Using a systematic approach like this to eliminate emotionally impaired judgments is advocated by modern-day behavioral finance which, according to Investopedia, “proposes that psychological influences and biases affect the financial behaviors of investors and financial practitioners.” To avoid irrational and potentially destructive decision making, the Corporate Finance Institute (CFI) advises to “Focus on the Process,” and “Prepare, Plan, and Pre-Commit.”
The point here is that Joseph had a 14-year plan to deal with a resource crisis instead of just hanging onto platitudes like “diversify to reduce risk” and “stay the course.”
The Process of Planning
President Eisenhower once said, “plans are worthless but planning is everything.” While this quote may be interpreted in a number of ways, it highlights the value of an ongoing planning process as opposed to a static view of a plan. Actively monitoring and revisiting retirement cash flow assumptions on a regular basis may actually align with behavioral finance goals that seek to avoid reactive decision making. This could engage people in a way that the “one-size-fits-all” managed payout fund apparently hasn’t.
An alternative could use a process that continuously reviews and matches liabilities with laddered CDs or defined maturity bond ETFs. This would support a long-term rational investment approach that would be responsive to life events and help you avoid “selling low.”
Measuring Success: Dollar-Weighted Returns
During the accumulation years, you want to understand manager and/or investment performance. Using a time-weighted rate of return is perfect for this analysis given it ignores cash flows. This makes sense because a manager/fund has no control over deposits and withdrawals and therefore should not be judged on results that are influenced by them.
In contrast, during retirement, you need to evaluate how well your investments are performing as a result of ongoing withdrawals from the portfolio. Cash flow is not random, or unexpected. The portfolio strategy now needs to account for known cash flows, not disregard them. To do this, evaluate performance by using a dollar-weighted rate of return. This will highlight the impact of cash flow and the sequence of returns on overall performance. Here is an example that uses assumptions from a study produced by the Insured Retirement Institute in their 2019 Fact Book.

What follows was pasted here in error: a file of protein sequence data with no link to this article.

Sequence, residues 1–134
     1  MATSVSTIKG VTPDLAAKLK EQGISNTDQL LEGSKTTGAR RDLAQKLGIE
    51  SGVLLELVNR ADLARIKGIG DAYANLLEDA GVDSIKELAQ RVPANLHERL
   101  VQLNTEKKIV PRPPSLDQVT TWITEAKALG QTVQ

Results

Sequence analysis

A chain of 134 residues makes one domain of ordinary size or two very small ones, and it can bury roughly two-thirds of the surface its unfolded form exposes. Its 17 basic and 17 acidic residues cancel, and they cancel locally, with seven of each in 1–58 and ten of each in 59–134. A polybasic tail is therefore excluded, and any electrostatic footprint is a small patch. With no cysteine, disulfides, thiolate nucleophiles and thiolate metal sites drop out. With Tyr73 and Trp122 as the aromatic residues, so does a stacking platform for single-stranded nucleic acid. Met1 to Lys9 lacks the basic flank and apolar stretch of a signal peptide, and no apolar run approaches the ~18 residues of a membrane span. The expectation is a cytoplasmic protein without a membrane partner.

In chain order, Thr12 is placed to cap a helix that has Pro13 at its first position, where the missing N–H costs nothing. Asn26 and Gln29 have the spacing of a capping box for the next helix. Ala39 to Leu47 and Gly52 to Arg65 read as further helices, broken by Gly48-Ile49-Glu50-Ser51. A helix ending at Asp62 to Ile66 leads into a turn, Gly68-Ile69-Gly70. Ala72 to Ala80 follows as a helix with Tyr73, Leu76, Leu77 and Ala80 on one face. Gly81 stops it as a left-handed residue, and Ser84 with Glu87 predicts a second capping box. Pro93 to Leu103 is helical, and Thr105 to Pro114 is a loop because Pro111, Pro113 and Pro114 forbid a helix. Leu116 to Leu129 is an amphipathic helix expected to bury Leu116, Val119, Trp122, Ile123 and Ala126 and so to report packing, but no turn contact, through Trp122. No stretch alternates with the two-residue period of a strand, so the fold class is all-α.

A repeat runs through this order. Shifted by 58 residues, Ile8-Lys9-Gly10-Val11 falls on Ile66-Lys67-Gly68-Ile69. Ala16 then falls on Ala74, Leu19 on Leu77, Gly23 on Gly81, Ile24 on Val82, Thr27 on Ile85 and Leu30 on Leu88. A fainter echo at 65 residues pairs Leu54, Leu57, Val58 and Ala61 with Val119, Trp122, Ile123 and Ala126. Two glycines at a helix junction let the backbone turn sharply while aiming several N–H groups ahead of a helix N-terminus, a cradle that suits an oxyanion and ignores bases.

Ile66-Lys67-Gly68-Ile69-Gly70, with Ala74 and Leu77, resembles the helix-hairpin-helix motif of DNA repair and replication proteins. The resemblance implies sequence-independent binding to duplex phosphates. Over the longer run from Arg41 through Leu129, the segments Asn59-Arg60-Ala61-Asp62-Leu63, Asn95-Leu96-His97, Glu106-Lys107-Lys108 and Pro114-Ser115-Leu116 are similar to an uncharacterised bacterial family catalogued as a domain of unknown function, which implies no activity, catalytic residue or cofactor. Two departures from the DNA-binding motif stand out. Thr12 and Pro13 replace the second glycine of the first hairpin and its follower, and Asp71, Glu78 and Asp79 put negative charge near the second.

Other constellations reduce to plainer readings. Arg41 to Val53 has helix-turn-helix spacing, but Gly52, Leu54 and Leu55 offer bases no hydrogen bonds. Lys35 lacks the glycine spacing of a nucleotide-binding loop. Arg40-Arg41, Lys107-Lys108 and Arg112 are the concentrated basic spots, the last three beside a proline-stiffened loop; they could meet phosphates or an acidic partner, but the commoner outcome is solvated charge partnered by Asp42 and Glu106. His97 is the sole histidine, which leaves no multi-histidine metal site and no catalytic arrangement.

The “lucky” investor receives 17% in year one, 10% in year two, and -8% in year three. This sequence repeats itself over 21 years. Meanwhile, an “unlucky” investor receives the same returns in the same pattern but in reverse: -8% then 10% then 17%.
Both investors draw down equal payments of $19,800 each year and start with approximately $250,000. While time-weighted results are the same, a dollar-weighted calculation shows the impact of return volatility and cash flow on the portfolio. As this evaluation shows, a time-weighted rate of return isn’t an appropriate measure of success given generating cash over time is now what you care about.
While it is difficult to avoid market volatility, what you can do is create a framework that allows you to move through different investment performance environments with a level of control that fits your circumstances. The value is in the management of the situation, not that you never encounter investment challenges. It is about helping you remain focused on cash generation while avoiding damage in a down market that could result in a portfolio “death spiral” where investment gains have no chance of out-growing withdrawals. Changing to a mindset of budgeting and throttling cash flow while moving away from purely measuring manager/investment performance is the key.
About the author: Keith Whitcomb MBA, RMA®, is the director of analytics at Perspective Partners and has more than 20 years of institutional investment experience.